Note that in the above article, written in 2002, you will see many themes that have come up at different times in class. That is purely coincidentaly, but appropriate. This article didn’t come to my attention until 2012.

October 20, 2017 Posted by | H100, leadership, military history, Professional Military Education, Uncategorized | , , , , , , , , , | Leave a comment

H108: The American Way of War

The American Civil War vividly demonstrated how the products of the industrial revolution, the rifled musket, steam powered trains and ships, the telegraph, banking, and mass production manufacturing techniques changed tactical and operational warfare. Less noticable was the way in which the economic base of a country became an important aspect of its war making capability. Limited economic base meant limited war making capability while a large robust economic base meant a large war making capability. General Grant consiously developed his attritition strategy followed in the last eighteen months of the war based on his understanding of the economic advantages of the Union. Simply put, the Union could sustain losses of manpower and material and the South could not. Thus, tactical and operational victory, though desired, was not necessary to winning the war. Continuous fighting was necessary to make this happen –not continuous tactical victory. Thus Grant’s guidance to his subordinate :

grant

Though focused tactically on battle, the purpose of battle was not to achieve tactical victory, but rather to deplete Southern resources, regardless of tactical victory. Thus, there was no direct link between military tactical victory and strategic victory. Military operations were necessary to enable the leveraging of the Union’s economic advantage, but the economic advantage was what was decisive not the supporting military campaign.

Grant focused on destroying the Southern Army, and then Southern governance. Nothing done in the Civil War or after addressed the third aspect of Clausewitz’s trinity –the passion of the people. Some argue that this was the reason for the failure of Reconstruction and domination of former Confederates of the South after the war.

Historian Russel Weigley sees the Civil War as a template for an “American Way of War:” “The Civil War tended to fix the American image of war from the 1860s into America’s rise to world power at the turn of the century, and it also suggested that the complete overthrow of the enemy, the destruction of his military power, is the object of war.”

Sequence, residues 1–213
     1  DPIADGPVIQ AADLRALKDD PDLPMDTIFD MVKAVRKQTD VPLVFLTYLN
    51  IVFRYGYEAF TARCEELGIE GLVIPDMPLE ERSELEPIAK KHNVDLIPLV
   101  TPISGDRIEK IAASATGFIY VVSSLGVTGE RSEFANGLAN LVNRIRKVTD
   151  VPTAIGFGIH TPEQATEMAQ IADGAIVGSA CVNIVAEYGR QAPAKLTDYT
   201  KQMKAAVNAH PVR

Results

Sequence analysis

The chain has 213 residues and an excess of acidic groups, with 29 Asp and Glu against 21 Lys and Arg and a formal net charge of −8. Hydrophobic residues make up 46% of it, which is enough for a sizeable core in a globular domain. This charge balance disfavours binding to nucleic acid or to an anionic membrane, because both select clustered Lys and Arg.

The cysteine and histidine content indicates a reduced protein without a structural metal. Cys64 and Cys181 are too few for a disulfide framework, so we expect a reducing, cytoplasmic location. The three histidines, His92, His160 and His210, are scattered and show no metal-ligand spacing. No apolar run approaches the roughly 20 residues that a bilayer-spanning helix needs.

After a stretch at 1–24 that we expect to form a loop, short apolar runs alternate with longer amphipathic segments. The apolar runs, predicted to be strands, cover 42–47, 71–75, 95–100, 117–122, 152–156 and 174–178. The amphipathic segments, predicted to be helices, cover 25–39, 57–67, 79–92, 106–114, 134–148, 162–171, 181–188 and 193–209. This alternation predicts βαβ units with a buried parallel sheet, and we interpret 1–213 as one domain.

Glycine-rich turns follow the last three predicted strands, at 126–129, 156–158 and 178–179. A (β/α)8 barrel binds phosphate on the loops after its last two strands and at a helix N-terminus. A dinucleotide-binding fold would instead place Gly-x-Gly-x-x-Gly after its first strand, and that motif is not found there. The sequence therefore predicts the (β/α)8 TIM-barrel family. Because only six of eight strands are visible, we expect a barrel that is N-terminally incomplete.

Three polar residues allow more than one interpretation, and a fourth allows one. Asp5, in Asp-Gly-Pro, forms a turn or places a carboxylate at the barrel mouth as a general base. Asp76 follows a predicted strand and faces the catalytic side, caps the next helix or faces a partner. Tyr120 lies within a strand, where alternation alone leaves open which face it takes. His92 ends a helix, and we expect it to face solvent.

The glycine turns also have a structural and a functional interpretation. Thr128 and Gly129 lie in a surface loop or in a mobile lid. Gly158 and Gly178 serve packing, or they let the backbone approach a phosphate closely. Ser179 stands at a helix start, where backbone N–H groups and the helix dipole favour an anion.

Does Weigley’s template for the American Way of War still apply today? Are we pursuing a Grant model strategy in Afghanistan focused on insurgents and insurgent leadership, and ignoring the “passion” that supports the insurgency?

How does a strategy address the “passion” aspect of war? Is it part of the military strategy or should it be part of the national strategy? Who in government is the lead for attacking the enemy’s passion?

October 20, 2017 Posted by | H100, Professional Military Education, Uncategorized | , , , , , , , , | Leave a comment

H106 Clausewitz and the American Military Profession

Clausewitz is famous for his comment that war is an extension of politics by other means. This is not the definition of war, but rather the context within which war takes place. That is, war takes place and is only understandable within the context of politics. By extension then, to be able to effectively plan, supervise, and conduct war a senior military leader must, in addition to his expertise regarding military matters, also be expert at understanding politics.

The sticking point here, is that the professional American military officer is taught to avoid politics. Expert on American military professionalism, Morris Janowitz, stated:

Under democratic theory, the “above politics” formula requires that, in domestic politics, generals and admirals do not attach themselves to political parties or overtly display partisanship. Furthermore, military men are civil servants, so that elected leaders are assured of the military’s partisan neutrality.

In practice, with only isolated exceptions, regulations and traditions have worked to enforce an essential absence of political partisanship.

Has this tradition of non-partisanship caused American military leadership to focus too much on the mechanics of making war at the operational and tactical level? What is the role of the senior military leader in formulating national strategy and can that leader avoid being politically partisan if the different political parties disagree on strategy?

How has the war in Iraq illustrated Clausewitz’s concept of the relationship between war and politics?

How do Clausewitz’s ideas, including the important idea of the trinity, influence our understanding of the current situation in Afghanistan?

October 2, 2017 Posted by | Uncategorized | , , , , , , , | Leave a comment

H105: Military Genius

Genius has been defined in several different ways:

Genius:  Distinguished mental superiority; uncommon intellectual power; especially, superior power of invention or origination of any kind, or of forming new combinations; as, a man of genius. [1913 Webster]